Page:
Mdash works with the latest versions of:

Other modern browsers that support Custom Elements are likely to work, but are not tested (file a bug if you see something). IE is not supported and is unlikely to work even if you polyfill.

More about Mdash

The purpose

To make the UI layer incredibly simple and easy.

Mdash gives you a complete set of modern compatible-with-everything UI components instantly available from a CDN. No downloads. No CLI. No configuration. No build steps. No prespiling the virtual tree-shake lint matrix, or whatever. It does this by embracing HTML (and CSS and JavaScript) and relentlessly leveraging it. The result is a fun and uniquely small design system with standards-level longevity.

Depending on the kind of project you're working on, you can use Mdash on its own or alongside your framework of choice. In the latter case, the framework is responsible for the structure and state of your application while HTML and Mdash supply the final layer of UI.

Frameworks are misused

The UI layer of web applications has been overcomplicated and made dependent upon non-standard frameworks and methodologies that, in the context of generic UI components, do not add value. Frameworks are best applied to application-centric problems like routing, state management, and high-level product-centric component structure. Frameworks are not ideal for pure UI-centric problems like layout, shared UI elements, and generic styles.

The m- prefix

A prefix is required for any custom HTML (tags or elements). The "m" is for markup, because Mdash is all about that beautiful declarative markup! And no the name "Mdash" doesn't have anything to do with Lodash. It was suggested the proper name be changed from "M-" to "Mdash" to help with search engine results.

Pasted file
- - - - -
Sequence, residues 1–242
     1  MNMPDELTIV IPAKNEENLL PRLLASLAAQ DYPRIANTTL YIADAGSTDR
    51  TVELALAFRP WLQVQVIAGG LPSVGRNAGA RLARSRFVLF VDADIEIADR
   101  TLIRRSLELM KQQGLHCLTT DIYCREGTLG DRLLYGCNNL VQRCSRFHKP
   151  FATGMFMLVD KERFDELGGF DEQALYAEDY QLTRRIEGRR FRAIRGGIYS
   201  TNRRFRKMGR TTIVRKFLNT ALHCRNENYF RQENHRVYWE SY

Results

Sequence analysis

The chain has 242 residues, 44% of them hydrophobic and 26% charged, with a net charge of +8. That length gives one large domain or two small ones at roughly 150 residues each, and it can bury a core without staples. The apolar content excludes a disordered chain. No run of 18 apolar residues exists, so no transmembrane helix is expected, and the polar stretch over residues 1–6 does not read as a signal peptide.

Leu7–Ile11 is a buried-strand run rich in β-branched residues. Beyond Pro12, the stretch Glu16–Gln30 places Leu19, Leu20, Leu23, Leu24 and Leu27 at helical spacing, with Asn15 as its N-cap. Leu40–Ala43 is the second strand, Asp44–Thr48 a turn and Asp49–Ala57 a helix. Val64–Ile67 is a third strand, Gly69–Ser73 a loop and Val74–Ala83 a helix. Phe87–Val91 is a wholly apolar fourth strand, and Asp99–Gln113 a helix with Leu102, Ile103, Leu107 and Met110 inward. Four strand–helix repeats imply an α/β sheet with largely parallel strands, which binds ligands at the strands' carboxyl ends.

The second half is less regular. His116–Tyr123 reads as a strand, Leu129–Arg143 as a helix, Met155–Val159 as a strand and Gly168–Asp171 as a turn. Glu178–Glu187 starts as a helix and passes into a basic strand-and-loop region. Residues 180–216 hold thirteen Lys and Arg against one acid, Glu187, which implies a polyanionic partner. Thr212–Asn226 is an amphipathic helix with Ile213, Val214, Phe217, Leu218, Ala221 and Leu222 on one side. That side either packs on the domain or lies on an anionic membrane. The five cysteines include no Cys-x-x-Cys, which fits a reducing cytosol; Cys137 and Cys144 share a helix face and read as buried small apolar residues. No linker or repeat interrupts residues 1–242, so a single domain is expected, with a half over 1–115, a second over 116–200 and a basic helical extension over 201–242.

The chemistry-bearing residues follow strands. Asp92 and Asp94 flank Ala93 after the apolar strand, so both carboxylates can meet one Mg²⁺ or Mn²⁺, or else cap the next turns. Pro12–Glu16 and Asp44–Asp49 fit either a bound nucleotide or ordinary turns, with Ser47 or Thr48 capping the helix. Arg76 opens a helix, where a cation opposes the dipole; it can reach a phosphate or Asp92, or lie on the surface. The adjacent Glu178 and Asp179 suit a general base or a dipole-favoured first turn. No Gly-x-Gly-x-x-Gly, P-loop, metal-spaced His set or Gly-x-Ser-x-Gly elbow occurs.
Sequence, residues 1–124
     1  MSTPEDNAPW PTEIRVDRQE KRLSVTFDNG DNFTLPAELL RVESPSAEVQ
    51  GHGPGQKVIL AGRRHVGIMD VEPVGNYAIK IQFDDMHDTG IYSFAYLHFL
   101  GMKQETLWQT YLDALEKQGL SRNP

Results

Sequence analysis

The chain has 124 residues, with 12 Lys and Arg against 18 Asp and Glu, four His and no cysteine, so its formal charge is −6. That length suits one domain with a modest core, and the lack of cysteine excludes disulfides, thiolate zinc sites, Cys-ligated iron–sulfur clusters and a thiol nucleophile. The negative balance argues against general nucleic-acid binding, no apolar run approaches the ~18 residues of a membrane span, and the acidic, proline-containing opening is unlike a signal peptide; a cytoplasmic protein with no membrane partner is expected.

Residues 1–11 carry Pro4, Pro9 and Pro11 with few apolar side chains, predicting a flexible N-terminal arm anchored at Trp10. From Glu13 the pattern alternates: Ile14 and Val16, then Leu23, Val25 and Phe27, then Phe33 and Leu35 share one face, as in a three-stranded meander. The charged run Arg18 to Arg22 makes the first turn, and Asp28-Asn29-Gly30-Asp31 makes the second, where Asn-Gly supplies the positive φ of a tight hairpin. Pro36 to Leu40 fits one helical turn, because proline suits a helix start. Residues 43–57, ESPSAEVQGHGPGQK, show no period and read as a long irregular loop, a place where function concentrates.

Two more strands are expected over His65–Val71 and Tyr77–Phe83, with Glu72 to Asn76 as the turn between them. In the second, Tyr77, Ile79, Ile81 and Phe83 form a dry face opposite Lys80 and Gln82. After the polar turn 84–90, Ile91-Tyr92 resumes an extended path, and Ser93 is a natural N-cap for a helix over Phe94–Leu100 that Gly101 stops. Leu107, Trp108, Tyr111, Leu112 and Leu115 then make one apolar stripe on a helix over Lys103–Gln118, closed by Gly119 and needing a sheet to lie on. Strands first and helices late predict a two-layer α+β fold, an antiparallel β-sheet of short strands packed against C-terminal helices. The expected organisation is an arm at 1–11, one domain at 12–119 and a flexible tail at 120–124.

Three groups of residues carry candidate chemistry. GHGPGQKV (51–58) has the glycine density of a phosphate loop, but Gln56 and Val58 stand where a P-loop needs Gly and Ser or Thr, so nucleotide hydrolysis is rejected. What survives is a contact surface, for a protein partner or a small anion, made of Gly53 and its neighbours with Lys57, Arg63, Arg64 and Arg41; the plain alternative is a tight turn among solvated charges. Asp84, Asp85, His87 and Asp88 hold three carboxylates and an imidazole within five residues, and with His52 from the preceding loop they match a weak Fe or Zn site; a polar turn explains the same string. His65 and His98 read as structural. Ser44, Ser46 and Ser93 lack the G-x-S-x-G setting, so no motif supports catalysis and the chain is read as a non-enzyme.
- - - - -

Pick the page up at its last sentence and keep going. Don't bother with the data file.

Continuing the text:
Design philosophy

Mdash believes in and is committed to the web platform. Developing on the web is awesome because:

Mdash was designed with all that in mind. It's why CDN install is the first option and not buried or unavailable as if linking to other resources on the internet is a last resort. It's why Mdash components are built with standard, approachable tech and not a popular JavaScript library. It's why there is no special syntax or proprietary ideas and why there's no dependencies. It's why the project is open source.

The intent of the Mdash API design is to be familiar. Where possible, Mdash matches native HTML, e.g. type="", name="", disabled, and when there isn't a native example to follow Mdash strives to use familiar patterns, e.g. dismissible="false" for Alert was chosen because it feels similar to the native draggable="false" attribute. If you could cover up all the m- prefixes in your markup, the hope is you couldn't tell the difference between native HTML elements and Mdash.

It's for everyone!

The web is an open platform accessible to everyone and so a design system for the web shouldn't require advanced knowledge just to get started, and it shouldn't require a commitment to learn a specific framework's idioms and API in order to make full use of it. Mdash serves true beginners equally as well as it does professional software engineers. So, whether you're building your first website or a large scale application with millions of users, Mdash helps you quickly build UI with significantly less code and with the longevity that only comes with standards-based code.